JACK RODOLICO Millsfield has about 20 or so residents and almost all of them are voting age. It's a community where people live full time. They're being sort of diplomatic about the town next door with all its voting problems. And then she said one thing that got a big reaction. Casey mentioned The AG’s report and how there was a question hanging over almost everyone who voted in Dixville in 2016.
WAYNE URSO If the hotel is not being heated, if the hotel has no running water, no sanitation facilities, how can anyone be living there? It doesn't make sense.
JACK RODOLICO Before Casey drove all the way up to Millsfield, there was one other thing she found in her research--something about the history of Millsfields’ midnight vote and how far back it went.
CASEY MCDERMOTT November 4, 1936. And this says New Hampshire town is first in the nation to vote, Millsfield…
JACK RODOLICO Casey brought those articles to Millsfield and read one to the voters there.
CASEY MCDERMOTT It was the first time in history that the American public has been able to read any election returns in the morning newspapers of Election Day.
JACK RODOLICO Midnight voting was invented in Millsfield, and when she got done reading the article aloud, Casey realized the people there in Millsfield, they didn't know it. And this little competitive edge crept into their voices.
We were truly the first. Dixville Notch cannot deny that now, just cannot deny it.
Not only was Dixville trying to hold on to their tradition, but the press, they were willing accomplices.
JACK RODOLICO And one more thing. The person we most associate with midnight voting is Neil Tillotson. But in the oldest article Casey could find, the story gave all the credit for dreaming up the idea to one person: Genevieve Natig. When she invented midnight voting in 1936, Genevieve was only 27 years old, an artist and a pillow maker. Her grandfather had been alive when Abraham Lincoln was assassinated. The town she lived in had no electricity. The midnight vote she planned was a surprise to the press and the world, but not to her neighbors. She had invited them over for cookies and coffee. They came to her house in the rain, and when the clock struck 12:00, they all voted together. And they made history.
BROOKE GLADSTONE Coming up, more from New Hampshire Public Radio's podcast Stranglehold.
BOB GARFIELD This is On the Media.
BROOKE GLADSTONE This is On the Media. I'm Brooke Gladstone.
BOB GARFIELD And I'm Bob Garfield. In this next story from an NHPR’s podcast Stranglehold, co-host Lauren Choolijian and uncovers how the state's first in the nation primary affects the local media and the role those reporters play in bolstering the state's place as number one.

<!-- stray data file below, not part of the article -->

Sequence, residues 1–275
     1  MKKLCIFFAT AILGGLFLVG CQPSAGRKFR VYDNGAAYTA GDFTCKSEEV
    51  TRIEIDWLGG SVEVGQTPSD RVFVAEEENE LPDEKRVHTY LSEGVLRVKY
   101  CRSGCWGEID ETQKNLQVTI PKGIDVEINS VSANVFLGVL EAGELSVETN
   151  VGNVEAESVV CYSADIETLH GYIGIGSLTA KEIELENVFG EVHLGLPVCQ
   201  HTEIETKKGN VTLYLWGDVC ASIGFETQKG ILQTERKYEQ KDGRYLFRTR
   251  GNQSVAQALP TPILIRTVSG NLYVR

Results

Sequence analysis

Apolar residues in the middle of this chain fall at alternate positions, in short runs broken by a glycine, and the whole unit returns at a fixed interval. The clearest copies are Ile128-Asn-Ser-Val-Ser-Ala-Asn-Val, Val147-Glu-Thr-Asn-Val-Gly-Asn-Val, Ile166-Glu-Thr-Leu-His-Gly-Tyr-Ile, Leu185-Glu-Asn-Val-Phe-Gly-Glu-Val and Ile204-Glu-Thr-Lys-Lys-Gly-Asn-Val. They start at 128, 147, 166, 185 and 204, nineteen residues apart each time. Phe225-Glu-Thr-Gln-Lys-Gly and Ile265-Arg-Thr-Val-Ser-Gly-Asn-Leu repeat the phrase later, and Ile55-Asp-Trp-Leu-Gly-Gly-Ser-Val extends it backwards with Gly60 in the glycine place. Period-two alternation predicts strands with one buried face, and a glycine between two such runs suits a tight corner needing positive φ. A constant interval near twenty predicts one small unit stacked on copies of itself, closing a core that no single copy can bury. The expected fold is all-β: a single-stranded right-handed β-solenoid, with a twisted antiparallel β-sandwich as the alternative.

LAUREN CHOOLIJIAN New Hampshire thinks it's special that the first in the nation primary gives us this extra relevance or power and maybe a little bit of ego that doesn't usually come along with living in a small state. It's why for decades, young green reporters would move here.
SARAH KOENIG I don't know. I don't know. I just thought that I was like hot s*** Oh, am I allowed to swear?
LAUREN CHOOLIJIAN Yes.That is Sarah Koenig. And in case you don't recognize her voice or her name. Maybe this will ring a bell.
SARAH KOENIG For the last year, I've spent every working day trying to figure out where a high school kid was…[END CLIP]
LAUREN CHOOLIJIAN So, yeah. Before she was hosts of the mega hit podcast Serial, before she was a producer at This American Life, Sarah Koenig was looking for a job at a big city newspaper.
SARAH KOENIG Summarily got rejected by paper after paper after paper.
LAUREN CHOOLIJIAN It was the 90s and she tried to get a gig at the Baltimore Sun.
SARAH KOENIG And he said, we can't hire you yet. You don’t have enough, like, daily experience. But like, here's a list of really good smaller papers that you should apply to. And I think the Monitor was on there. So I was like, OK. And I did exactly what he told me to do.
LAUREN CHOOLIJIAN And something clicked.
SARAH KOENIG Oh, right. First in the nation primary.
PRESIDENT GEORGE W BUSH I've got one thing in mind to earn every vote I possibly can and to win those most important primary of New Hampshire.
Today, I announce that I am a candidate for president of the United States. [END CLIP]
LAUREN CHOOLIJIAN At the time, local coverage was often the first and only source of information for New Hampshire voters. Think about it. This is 2000. That year and for decades before voters weren't scrolling Twitter or reading national papers online for campaign coverage. The Concord Monitor had a really loyal readership, so local editors at the Monitor and elsewhere, they really saw themselves as an integral piece of the primary complex. Alec MacGillis is now an award winning reporter at ProPublica, but in the early 90s, he was another young reporter at the Monitor.
ALEC MACGILLIS It really did regard themselves as kind of guardians of the process and guardians of the privilege.
SARAH KOENIG Like it was so drummed into you constantly.
LAUREN CHOOLIJIAN It was up to New Hampshire reporters to inform the first in the nation voters that could read side by side comparisons on issues, features on what candidates did before they wanted to be president. And there were, of course, reports from local town halls and house parties.
SARAH KOENIG For weeks, it was just all day, every day you were out on, you were at events and events and events and events and just driving all over the place and talking to a candidate, talking to their campaign. I mean, it was just, it's a frenzy. And yeah, you felt super important.
LAUREN CHOOLIJIAN So the connection between the local press and the voters, it also helped build another important relationship, the one between the local press and the candidates, and the currency that relationship provided was incredible access.